FIG. 3 illustrates (top line) the time sequence for monitor target or mask display with the second and third lines indicating the two alternative viewer shutter openings of target or mask to left or right eye. The alternative controls produce leRT and reRT. In FIG. 4 the top line is the same as FIG. 3, but lines 2 an 3 show two different sequences usable to obtain beRT, i.e. response time in the same apparatus for subject viewing with both eyes for comparison with leRT or reRT.

In addition to the variations and modifications to the apparatus and method described herein, numerous other variations will be apparent to those skilled in the art, and the scope of the invention extends to all such variations and modifications.

CONCLUSION

We have devised and implemented a novel technique for quantifying the magnitude of interocular suppression as a means of measuring a given individual's sensory dominant eye. It offers advantages over other ocular dominance tasks for several reasons. First, the task is objectively straightforward and easy for participants to understand and perform, as evidenced by near perfect accuracy evidenced in a sample subject set. With other suppression techniques, particularly those that employ binocular rivalry, states of perceptual uncertainty associated with transition states and mixed dominance create response uncertainty; this uncertainty can be particularly problematic in that mixed dominance varies with stimulus features such as size and spatial frequency. With masking, mixed dominance rarely occurs, and the subject is not being asked to track rivalry but, instead, simply to indicate when the target emerging into dominance is sufficiently visible to report the direction in which it is pointing. Second, our task can be completed in less than 10 min, unlike other tasks that require extended test trials to assess interocular suppression. Third, the dominance measures derived here are reliable across time and with different stimulus targets. Finally, this technique provides a variable distribution of scores and is sensitive enough to measure significant interocular differences within individuals. Other studies have either failed to assess individual differences or have failed to find interocular differences.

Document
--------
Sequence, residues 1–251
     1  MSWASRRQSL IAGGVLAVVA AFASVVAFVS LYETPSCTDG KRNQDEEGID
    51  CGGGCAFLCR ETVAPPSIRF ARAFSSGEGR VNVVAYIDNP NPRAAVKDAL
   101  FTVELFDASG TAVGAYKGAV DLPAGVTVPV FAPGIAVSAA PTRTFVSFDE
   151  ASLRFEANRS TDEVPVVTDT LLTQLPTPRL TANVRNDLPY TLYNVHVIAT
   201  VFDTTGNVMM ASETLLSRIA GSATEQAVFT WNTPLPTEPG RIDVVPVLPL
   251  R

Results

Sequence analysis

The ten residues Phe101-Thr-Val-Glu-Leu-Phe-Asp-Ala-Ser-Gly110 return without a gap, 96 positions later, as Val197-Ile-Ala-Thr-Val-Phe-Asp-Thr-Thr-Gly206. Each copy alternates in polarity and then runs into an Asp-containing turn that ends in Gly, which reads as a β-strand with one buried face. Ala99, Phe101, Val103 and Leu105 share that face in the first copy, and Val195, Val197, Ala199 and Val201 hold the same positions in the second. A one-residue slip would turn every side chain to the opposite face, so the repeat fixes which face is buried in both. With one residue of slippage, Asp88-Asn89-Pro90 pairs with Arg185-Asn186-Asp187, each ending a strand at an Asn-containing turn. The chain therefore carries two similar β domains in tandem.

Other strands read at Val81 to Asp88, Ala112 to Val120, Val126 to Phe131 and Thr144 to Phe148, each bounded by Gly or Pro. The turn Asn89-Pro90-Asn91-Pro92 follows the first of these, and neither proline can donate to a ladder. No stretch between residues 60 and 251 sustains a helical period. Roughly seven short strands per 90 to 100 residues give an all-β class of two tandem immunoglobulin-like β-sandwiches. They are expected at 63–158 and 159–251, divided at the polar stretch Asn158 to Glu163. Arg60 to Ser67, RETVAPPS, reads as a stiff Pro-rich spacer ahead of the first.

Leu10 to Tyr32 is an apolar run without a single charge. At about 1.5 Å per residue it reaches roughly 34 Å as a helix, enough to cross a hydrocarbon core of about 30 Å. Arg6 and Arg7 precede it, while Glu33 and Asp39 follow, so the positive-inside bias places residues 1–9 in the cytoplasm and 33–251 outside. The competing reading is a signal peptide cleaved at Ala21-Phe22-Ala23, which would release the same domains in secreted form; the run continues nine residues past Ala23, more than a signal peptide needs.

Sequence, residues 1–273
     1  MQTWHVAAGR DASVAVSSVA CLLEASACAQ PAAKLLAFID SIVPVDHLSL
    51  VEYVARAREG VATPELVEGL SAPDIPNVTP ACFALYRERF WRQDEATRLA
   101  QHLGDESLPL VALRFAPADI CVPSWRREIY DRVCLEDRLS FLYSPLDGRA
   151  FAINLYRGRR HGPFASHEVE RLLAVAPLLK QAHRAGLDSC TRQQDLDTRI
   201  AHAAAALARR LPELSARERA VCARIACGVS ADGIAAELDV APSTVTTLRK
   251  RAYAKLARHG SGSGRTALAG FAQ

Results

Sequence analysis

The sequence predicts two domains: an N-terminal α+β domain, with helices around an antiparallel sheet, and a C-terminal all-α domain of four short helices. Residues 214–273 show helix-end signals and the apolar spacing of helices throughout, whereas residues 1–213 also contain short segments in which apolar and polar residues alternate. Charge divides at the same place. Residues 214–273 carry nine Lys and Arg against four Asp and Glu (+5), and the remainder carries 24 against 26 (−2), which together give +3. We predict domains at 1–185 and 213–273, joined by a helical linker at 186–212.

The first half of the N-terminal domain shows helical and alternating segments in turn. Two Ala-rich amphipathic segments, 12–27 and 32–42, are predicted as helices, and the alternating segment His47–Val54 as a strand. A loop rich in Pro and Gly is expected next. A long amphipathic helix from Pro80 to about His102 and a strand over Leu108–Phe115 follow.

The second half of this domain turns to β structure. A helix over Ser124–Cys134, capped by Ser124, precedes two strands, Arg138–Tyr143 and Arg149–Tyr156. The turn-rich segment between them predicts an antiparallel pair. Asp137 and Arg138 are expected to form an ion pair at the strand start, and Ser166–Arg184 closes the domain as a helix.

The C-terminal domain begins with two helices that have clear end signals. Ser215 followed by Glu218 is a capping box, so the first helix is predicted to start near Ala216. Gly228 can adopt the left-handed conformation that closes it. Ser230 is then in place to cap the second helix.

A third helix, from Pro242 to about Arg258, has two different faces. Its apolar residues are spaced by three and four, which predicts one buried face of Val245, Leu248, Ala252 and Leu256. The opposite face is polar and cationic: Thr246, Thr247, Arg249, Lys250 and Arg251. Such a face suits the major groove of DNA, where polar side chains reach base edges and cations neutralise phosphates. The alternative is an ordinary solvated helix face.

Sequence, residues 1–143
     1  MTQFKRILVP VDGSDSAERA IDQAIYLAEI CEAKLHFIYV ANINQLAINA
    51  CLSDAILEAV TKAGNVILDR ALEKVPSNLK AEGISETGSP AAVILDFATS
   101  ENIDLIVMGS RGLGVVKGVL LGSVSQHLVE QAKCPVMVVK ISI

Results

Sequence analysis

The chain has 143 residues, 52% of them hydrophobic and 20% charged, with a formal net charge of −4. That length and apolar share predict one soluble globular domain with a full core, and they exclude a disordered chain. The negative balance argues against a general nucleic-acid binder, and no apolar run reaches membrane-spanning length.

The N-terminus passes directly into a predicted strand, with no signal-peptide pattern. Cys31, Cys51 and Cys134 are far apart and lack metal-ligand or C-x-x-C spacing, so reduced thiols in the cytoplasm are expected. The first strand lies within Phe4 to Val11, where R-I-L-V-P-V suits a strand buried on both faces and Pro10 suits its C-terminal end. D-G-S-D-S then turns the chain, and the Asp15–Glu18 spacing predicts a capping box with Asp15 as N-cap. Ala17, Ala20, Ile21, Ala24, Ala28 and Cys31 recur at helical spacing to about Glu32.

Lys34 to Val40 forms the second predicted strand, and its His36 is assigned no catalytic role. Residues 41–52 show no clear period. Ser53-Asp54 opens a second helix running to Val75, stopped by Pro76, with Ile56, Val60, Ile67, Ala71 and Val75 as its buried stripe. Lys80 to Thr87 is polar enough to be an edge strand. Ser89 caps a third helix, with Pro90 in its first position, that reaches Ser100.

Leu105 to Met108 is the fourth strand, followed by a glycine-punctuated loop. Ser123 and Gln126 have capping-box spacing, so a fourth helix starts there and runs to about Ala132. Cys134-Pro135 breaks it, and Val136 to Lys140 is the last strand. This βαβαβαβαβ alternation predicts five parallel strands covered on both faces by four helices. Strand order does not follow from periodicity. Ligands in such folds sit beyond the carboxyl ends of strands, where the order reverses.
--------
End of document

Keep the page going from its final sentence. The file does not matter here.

The present apparatus and method can reliably measure interocular suppression in cataract patients pre- and post-operatively, in order to better determine the relationship between suppression and monovision success as well satisfying other needs for reliable, reproducible measurement of interocular suppression.

APPENDIX I Experimental Results

Participants 88 observers (44 females) were recruited from the Vanderbilt University Psychology Department or through the Vanderbilt University subject pool. 23 and 21 observers also participated in Experiment 2 and 3, respectively, in addition to Experiment 1. Another 23 observers returned 1 day to 13 months later (median=8 months) to repeat the Experiment 1 in order to acquire test-retest reliability. Participants ranged in age from 18-61, with a mean age of 27 (SD=8). Approximately 10% were left handed. All participants provided written informed consent and, with the exception of 2 participants (authors), were naïve to the purpose of the study.

Acuity Measure

Far and near acuity values were measured using standardized tests provided by the Bausch and Lomb Orthorator (Rochester, N.Y.). Both eyes were presented with a diamond square, which was delineated into quadrants representing the top, bottom, left and right of the diamond. A checkerboard pattern was presented to one or both eyes and observers were instructed to indicate the quadrant in which the pattern was located (4-alternative-forced-choice); for monocular testing, the untested eye viewed only the outline of the transparent quadrants. The size of the stimulus display was smaller for each subsequent trial, for a total of 9 stimulus displays. Scores were based on the number of consecutive trials correctly answered; they were collected dioptically and dichoptically, with and without participants' corrective lenses, and for far and near acuity, for a total 12 scores per observer.